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Additional Reading

News Articles

Staten Island Youth Court Youth Justice, Administered by the Young – New York Times September 21, 2010


Journal Articles and Studies

Bright, Dr. Charlotte, Young, Doug & Falls, Ben (2014). The Multijurisdictional Teen Court Evaluation: A Comparative Evaluation of Three Teen Court Models. Baltimore, MD: University of Maryland School of Social Work (SSW), Ruth H. Young Center for Families and Children, and the Institute for Governmental Service and Research.  Report of the findings of a comprehensive 24 month evaluation of three Teen Court programs in Maryland,. To facilitate a better understanding of Maryland’s Teen Courts, this report presents data on the processes, outcomes, and perspectives of Teen Courts using data gathered in three geographically diverse programs in Maryland: Baltimore City, Charles County, and Montgomery County. The study also assessed recidivism data collected by matching cases from the three Teen Courts with data from the Maryland Department of Juvenile Services. Overall, the study found that Maryland Teen Court Programs offer a positive alternative to traditional juvenile processing with lower recidivism rates. In addition, youth who do not complete the program recidivate faster than those who complete the program. These findings suggest that Teen Court programs impact recidivism rates positively. Moreover, Teen Court benefits both youth volunteers as well as young respondents, providing a meaningful service opportunity to youth and, in some cases, directing their future career choices. In responses to qualitative questions, youth respondents, their parents or guardians, youth volunteers, and adult volunteers share their perception that this is a valuable program for holding youth accountable while providing them with the opportunity to learn from their behavior.

Pearson, S. S., & Jurich, S. (2005). Youth Court: A Community Solution for Embracing At-Risk Youth. Washington, DC: American Youth Policy Forum. This study by the American Youth Policy Forum surveyed 365 Teen Courts across the county in an effort to determine the percentage of America’s youth arrests were being diverted to Teen Court programs, the cost effectiveness of Teen Courts, and how differing practices affect recidivism results. The researchers concluded that nearly 10% of arrests in the jurisdictions served by the surveyed Teen Courts were being diverted and that the cost per youth served is approximately $430. Second, while the data regarding recidivism are inconclusive, the rates achieved by Teen Courts are either lower than or comparable to those of the wider juvenile justice system. These findings suggest that Teen Courts ensure youth accountability while costing far less than traditional solutions (such as the $1600 per youth cost of probation).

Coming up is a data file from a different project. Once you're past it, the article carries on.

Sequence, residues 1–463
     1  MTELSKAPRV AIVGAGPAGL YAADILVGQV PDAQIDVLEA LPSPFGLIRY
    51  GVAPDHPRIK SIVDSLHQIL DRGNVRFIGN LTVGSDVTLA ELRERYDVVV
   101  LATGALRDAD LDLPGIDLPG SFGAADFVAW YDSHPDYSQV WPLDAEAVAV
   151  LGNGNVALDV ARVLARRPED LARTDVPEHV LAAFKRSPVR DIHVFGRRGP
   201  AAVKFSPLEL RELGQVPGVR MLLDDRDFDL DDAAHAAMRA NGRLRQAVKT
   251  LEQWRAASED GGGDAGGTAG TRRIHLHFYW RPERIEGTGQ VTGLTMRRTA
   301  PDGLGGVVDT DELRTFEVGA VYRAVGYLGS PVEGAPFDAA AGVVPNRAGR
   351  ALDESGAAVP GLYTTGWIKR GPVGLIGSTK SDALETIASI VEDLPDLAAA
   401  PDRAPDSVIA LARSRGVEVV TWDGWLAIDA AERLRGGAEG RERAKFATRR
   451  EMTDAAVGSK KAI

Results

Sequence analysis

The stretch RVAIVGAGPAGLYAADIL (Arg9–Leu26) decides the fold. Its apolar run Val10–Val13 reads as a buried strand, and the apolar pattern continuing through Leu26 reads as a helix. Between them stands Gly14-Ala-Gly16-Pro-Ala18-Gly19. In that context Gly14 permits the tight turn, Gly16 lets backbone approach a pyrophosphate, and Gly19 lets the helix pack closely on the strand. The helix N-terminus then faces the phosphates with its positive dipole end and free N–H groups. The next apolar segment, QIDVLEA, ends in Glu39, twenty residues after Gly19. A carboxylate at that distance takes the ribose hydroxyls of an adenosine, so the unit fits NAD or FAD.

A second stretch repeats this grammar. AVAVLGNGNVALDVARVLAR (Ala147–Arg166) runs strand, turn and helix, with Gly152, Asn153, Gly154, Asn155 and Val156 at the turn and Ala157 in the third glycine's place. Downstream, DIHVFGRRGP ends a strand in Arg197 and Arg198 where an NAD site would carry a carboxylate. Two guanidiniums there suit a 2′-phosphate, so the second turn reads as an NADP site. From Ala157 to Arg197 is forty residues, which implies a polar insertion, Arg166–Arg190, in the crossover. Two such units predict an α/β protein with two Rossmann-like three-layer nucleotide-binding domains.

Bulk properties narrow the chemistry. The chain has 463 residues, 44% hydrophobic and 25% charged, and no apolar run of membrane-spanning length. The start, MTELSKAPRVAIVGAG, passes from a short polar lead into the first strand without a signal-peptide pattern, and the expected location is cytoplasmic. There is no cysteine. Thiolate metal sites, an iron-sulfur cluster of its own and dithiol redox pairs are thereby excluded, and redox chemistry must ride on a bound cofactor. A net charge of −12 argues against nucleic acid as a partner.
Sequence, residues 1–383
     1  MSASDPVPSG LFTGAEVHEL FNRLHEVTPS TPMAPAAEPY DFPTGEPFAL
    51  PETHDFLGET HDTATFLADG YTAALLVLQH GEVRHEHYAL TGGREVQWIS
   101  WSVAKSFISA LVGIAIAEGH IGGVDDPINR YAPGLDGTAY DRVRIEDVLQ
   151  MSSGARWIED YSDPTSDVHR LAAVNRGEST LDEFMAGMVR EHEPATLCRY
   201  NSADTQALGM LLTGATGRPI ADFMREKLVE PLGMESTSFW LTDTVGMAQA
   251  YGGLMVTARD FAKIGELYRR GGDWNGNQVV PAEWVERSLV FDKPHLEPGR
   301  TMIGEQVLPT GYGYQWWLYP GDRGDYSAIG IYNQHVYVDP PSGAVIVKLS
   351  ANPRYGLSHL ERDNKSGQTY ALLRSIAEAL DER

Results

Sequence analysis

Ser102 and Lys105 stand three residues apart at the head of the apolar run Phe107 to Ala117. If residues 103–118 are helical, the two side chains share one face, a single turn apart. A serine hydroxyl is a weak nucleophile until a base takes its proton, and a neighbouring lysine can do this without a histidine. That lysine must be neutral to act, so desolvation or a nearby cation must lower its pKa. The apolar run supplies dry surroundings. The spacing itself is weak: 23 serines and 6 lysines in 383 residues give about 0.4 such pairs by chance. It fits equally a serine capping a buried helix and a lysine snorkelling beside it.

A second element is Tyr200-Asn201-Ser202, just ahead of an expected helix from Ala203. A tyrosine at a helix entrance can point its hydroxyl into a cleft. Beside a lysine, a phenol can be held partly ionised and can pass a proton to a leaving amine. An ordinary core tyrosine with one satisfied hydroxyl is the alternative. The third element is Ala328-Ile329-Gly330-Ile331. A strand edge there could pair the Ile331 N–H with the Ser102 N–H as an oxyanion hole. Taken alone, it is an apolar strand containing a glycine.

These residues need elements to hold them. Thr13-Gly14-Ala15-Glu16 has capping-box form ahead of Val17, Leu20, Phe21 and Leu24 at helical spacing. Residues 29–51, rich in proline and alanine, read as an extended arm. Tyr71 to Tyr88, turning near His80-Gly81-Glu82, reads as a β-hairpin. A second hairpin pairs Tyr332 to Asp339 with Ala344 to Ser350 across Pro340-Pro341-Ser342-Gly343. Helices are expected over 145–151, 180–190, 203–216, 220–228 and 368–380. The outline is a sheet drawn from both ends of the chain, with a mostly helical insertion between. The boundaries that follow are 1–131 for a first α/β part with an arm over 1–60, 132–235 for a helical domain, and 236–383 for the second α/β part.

Butts, J., Buck, J., & Coggeshall, M. (2002) The Impact of Teen Courts on Young Offenders. Washington, DC: Urban Institute, Justice Policy Center. Conducted by the Urban Policy Center and funded by the Office of Juvenile Justice and Delinquency Prevention (OJJDP), this survey studies Teen Courts in four states (Alaska, Arizona, Missouri, and Maryland) to evaluate practices and compare recidivism rates. The study found that recidivism rates among Teen Court respondents in Alaska and Missouri were lower (to a statistically significant degree) than rates of comparable offenders following the traditional process. The results in Maryland and Arizona were not statistically significant, in part because of small sample sizes, recidivism tracking processes, and other factors.


For additional resources, go to the National Association of Youth Courts, General Information, Program Development and Enhancement.